Funding was provided by the Office of Naval Research (ONR N0014091601 for TrackPlot development and N00014-08-0630 for field work and analysis), NOAA (NA05NOS4001153), the National Oceanographic Partnership Program, the Stellwagen Bank National Marine Sanctuary, and the Office of National Marine Sanctuaries.
The University of New Hampshire, founded in 1866, is a world-class public research university with the feel of a New England liberal arts college. A land, sea, and space-grant university, UNH is the state's flagship public institution, enrolling 12,300 undergraduate and 2,200 graduate students.Photograph available to download: http://sanctuaries.noaa.gov/news/press/2013/whale_scrape.jpg
Credit: NOAA/Stellwagen Bank National Marine SanctuaryImage available to download: http://sanctuaries.noaa.gov/news/press/2013/trackplot.jpg
Credit: Colin Ware, University of New Hampshire Center for Coastal and Ocean Mapping
Watch the Crittercam™ video: http://video.nationalgeographic.com/video/news/animals-news/humpback-whales-bottom-feeding-vin/?source=videomostwatched
Beth Potier | EurekAlert!
Ion treatments for cardiac arrhythmia — Non-invasive alternative to catheter-based surgery
20.01.2017 | GSI Helmholtzzentrum für Schwerionenforschung GmbH
Seeking structure with metagenome sequences
20.01.2017 | DOE/Joint Genome Institute
An important step towards a completely new experimental access to quantum physics has been made at University of Konstanz. The team of scientists headed by...
Yersiniae cause severe intestinal infections. Studies using Yersinia pseudotuberculosis as a model organism aim to elucidate the infection mechanisms of these...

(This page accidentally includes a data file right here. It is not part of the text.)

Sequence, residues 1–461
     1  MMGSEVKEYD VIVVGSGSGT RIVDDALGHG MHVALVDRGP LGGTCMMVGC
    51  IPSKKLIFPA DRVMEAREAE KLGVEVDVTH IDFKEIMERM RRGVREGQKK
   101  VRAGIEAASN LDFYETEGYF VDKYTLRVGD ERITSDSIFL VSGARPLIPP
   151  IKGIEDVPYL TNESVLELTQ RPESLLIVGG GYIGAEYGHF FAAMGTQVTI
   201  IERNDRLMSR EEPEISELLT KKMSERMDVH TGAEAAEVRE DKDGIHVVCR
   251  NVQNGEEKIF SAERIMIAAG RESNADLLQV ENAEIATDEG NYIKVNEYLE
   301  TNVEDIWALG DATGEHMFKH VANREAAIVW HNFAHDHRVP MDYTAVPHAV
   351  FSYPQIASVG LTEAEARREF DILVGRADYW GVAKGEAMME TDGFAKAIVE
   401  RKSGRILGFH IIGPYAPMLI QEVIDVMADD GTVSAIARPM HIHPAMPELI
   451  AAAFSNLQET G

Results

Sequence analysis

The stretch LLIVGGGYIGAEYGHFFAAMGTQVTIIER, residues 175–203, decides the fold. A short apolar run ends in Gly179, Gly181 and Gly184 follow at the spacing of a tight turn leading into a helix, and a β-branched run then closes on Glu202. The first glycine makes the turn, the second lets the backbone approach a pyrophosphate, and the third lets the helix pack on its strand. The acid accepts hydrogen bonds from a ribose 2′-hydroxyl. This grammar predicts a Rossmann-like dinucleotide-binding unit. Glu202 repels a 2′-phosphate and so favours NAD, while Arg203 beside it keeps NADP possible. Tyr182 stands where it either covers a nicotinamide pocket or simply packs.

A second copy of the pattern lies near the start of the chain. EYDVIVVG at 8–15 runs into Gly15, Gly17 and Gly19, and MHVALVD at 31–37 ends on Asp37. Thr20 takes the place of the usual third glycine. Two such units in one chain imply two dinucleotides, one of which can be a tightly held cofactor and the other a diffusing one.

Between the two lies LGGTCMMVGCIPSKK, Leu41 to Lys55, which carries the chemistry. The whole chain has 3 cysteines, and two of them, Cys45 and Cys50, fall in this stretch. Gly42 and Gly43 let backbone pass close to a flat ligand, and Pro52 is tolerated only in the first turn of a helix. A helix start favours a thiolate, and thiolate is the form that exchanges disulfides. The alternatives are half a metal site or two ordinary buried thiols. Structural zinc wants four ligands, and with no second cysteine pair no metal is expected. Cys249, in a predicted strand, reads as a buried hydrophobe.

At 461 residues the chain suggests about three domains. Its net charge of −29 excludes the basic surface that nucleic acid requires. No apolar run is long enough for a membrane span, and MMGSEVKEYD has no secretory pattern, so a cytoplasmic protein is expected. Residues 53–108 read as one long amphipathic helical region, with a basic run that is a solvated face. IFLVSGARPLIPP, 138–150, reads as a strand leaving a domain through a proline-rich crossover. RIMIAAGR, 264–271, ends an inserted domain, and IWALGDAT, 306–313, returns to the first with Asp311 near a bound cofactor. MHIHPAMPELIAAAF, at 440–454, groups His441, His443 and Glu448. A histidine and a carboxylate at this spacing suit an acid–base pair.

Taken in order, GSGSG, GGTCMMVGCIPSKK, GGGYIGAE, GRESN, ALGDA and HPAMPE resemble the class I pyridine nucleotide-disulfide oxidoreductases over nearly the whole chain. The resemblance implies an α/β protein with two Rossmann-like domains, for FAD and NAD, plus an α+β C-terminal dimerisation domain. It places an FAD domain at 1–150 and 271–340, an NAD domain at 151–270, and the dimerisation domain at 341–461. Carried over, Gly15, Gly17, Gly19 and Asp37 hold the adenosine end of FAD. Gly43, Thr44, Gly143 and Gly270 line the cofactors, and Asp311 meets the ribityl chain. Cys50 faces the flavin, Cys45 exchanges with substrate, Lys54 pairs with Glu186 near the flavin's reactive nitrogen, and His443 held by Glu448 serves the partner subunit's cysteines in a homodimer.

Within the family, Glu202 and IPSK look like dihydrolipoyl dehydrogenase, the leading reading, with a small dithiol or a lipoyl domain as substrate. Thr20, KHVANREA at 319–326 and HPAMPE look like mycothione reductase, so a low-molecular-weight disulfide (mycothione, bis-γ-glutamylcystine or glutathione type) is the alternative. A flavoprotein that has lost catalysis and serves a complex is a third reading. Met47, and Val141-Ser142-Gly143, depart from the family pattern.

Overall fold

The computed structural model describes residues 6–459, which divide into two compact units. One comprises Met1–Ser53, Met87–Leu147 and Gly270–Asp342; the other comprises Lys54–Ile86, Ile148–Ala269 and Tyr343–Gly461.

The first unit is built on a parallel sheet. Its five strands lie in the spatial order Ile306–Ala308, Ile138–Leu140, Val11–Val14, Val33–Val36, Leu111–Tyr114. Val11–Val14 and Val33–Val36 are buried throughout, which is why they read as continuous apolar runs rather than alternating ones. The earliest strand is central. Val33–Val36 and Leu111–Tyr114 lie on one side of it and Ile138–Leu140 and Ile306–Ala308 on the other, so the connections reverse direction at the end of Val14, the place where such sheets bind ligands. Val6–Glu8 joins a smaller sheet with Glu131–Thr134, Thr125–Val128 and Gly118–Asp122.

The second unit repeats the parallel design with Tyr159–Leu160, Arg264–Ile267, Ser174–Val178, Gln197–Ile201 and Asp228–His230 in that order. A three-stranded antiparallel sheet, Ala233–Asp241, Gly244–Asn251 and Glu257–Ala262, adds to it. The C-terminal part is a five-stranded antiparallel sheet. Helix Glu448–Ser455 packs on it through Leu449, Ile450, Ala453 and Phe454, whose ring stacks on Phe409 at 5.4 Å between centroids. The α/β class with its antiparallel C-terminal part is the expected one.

Researchers from the University of Hamburg in Germany, in collaboration with colleagues from the University of Aarhus in Denmark, have synthesized a new superconducting material by growing a few layers of an antiferromagnetic transition-metal chalcogenide on a bismuth-based topological insulator, both being non-superconducting materials.
While superconductivity and magnetism are generally believed to be mutually exclusive, surprisingly, in this new material, superconducting correlations...
Laser-driving of semimetals allows creating novel quasiparticle states within condensed matter systems and switching between different states on ultrafast time scales
Studying properties of fundamental particles in condensed matter systems is a promising approach to quantum field theory. Quasiparticles offer the opportunity...
Among the general public, solar thermal energy is currently associated with dark blue, rectangular collectors on building roofs. Technologies are needed for aesthetically high quality architecture which offer the architect more room for manoeuvre when it comes to low- and plus-energy buildings. With the “ArKol” project, researchers at Fraunhofer ISE together with partners are currently developing two façade collectors for solar thermal energy generation, which permit a high degree of design flexibility: a strip collector for opaque façade sections and a solar thermal blind for transparent sections. The current state of the two developments will be presented at the BAU 2017 trade fair.
As part of the “ArKol – development of architecturally highly integrated façade collectors with heat pipes” project, Fraunhofer ISE together with its partners...
19.01.2017 | Event News
10.01.2017 | Event News
09.01.2017 | Event News
20.01.2017 | Awards Funding
20.01.2017 | Materials Sciences
20.01.2017 | Life Sciences